2016 has been a banner year for nonprofits, according to a report from NPR.
Fundraising is up about $35 million over last year – a big jump. Giving Tuesday alone was up an amazing 44 percent over last year, totaling $168 million in donations.
Most likely, the rise in giving is due to the strong economy.
But the other part of the story has to do with the impact of a Trump administration and the Republican Congress.
If there are big tax cuts for the rich, then the charitable tax deduction won’t be worth as much. So some accountants are advising clients to give more this year because of possible tax changes.
So far so good.
But it’s likely there will be federal spending cuts in the coming year that will directly impact the poor.
Many nonprofits engaged in providing housing, health care, and other services for the poor rely on federal funding. And many of the people who get help from those charities also rely on welfare and other forms of governmental assistance. If funding is cut, what happens to those nonprofits and the people they serve?
Even if charitable giving rises about 4 percent in 2017 as expected, it probably won’t be enough to cover the huge increase in operating costs these charities will face. Nonprofit budgets will be stretched even further. Some charities may not be able to continue. And the poor will continue to suffer.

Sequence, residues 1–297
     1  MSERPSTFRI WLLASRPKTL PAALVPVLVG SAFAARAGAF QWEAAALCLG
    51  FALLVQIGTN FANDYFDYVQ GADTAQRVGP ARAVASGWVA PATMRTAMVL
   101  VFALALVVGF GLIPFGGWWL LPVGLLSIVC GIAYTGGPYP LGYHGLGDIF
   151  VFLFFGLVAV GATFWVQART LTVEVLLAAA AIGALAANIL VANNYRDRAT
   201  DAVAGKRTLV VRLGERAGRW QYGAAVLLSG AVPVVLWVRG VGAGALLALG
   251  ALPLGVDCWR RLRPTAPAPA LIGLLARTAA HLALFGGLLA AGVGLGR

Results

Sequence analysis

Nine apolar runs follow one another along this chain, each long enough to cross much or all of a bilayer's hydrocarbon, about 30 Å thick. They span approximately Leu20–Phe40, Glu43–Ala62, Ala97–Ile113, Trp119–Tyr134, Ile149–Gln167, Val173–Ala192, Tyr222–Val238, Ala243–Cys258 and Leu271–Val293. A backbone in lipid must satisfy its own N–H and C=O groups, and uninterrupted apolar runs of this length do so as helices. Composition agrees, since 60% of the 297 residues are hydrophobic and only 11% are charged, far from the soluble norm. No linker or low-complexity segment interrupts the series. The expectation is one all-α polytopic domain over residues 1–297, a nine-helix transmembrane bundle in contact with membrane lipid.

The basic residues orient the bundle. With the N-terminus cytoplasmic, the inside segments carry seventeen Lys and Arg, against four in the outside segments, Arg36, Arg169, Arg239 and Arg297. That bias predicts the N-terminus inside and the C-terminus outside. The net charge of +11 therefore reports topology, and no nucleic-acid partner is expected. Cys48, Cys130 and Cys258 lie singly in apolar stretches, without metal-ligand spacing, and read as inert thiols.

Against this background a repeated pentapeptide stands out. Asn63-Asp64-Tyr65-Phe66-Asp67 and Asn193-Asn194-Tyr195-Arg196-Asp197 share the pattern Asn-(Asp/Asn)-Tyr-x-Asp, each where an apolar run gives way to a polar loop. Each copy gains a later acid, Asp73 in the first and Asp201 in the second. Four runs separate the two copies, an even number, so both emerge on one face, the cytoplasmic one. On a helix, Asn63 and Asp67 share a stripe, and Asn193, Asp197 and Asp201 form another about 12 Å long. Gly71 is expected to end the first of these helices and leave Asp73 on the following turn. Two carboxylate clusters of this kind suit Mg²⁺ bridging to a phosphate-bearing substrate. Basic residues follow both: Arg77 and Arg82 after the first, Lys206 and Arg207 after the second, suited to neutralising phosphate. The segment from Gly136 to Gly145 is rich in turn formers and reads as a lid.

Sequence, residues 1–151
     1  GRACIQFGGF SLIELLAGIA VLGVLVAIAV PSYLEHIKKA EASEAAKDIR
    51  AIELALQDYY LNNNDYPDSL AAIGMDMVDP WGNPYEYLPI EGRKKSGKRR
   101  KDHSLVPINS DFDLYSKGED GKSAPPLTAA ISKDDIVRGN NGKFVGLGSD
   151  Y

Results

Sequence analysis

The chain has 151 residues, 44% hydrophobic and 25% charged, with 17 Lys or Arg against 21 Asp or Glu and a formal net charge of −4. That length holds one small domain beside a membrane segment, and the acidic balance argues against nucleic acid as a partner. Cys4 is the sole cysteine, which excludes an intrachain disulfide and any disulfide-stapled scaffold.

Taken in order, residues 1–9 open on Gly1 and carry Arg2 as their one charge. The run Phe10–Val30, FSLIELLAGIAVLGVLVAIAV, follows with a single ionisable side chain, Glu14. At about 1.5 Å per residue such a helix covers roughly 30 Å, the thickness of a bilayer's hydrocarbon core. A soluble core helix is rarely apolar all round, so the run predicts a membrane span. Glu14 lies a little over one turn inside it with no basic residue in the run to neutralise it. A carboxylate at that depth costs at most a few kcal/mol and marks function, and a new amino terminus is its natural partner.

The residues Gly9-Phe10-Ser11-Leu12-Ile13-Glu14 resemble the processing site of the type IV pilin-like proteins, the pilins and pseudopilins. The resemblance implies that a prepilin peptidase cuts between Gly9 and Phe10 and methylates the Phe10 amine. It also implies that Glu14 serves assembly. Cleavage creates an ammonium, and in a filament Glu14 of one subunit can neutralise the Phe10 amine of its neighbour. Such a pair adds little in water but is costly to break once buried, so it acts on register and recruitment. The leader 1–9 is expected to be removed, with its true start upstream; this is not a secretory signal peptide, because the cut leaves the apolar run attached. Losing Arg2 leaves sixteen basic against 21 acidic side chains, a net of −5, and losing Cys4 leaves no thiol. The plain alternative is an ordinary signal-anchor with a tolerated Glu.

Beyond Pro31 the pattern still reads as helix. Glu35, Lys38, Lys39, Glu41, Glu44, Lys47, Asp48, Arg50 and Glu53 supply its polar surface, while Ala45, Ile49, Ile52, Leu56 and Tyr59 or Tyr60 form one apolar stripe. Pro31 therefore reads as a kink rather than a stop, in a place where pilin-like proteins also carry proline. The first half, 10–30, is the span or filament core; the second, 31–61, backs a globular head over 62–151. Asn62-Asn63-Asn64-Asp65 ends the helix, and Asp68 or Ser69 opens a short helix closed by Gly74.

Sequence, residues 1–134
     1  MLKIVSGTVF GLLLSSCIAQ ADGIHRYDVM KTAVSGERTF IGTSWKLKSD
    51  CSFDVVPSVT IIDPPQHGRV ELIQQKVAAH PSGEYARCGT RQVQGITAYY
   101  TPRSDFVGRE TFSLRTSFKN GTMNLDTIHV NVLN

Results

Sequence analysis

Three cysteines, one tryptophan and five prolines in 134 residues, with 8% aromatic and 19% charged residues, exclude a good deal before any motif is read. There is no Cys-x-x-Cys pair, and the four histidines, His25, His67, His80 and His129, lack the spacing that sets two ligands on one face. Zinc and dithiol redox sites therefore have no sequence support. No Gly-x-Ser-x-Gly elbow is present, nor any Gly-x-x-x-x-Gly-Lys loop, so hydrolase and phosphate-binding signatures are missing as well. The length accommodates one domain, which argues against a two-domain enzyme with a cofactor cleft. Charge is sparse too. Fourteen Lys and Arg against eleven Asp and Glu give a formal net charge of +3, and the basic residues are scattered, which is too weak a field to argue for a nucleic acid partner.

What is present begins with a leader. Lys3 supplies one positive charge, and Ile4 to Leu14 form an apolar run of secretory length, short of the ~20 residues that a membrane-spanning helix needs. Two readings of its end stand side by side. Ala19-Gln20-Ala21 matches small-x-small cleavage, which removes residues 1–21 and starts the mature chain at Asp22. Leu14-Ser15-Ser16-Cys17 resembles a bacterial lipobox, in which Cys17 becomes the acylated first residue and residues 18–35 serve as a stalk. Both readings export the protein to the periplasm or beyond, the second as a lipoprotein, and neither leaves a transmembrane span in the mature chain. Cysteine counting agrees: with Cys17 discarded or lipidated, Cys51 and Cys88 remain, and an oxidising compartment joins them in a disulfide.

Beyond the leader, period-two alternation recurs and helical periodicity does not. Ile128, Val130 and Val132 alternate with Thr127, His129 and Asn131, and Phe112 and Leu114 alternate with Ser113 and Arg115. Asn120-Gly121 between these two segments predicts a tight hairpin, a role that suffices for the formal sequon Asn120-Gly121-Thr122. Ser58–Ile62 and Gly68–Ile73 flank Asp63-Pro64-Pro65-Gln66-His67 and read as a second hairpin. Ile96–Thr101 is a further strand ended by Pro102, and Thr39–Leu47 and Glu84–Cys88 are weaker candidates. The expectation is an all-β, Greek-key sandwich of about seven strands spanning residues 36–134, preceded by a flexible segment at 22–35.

Having a big year in fundraising is great news. But as fundraisers we have to remember that our work isn’t defined entirely by the numbers. We’re in the business of helping people.
So in an era of potentially crushing cuts in federal funding, we’ll need to respond with tighter messaging in appeals, stronger offers, more donor engagement, wider acquisition efforts, more donor acknowledgement, more reporting back to donors – in short, all the things that are proven to motivate donors to give.
Even if the coming year breaks fundraising records too, we’ll still have our work cut out for us.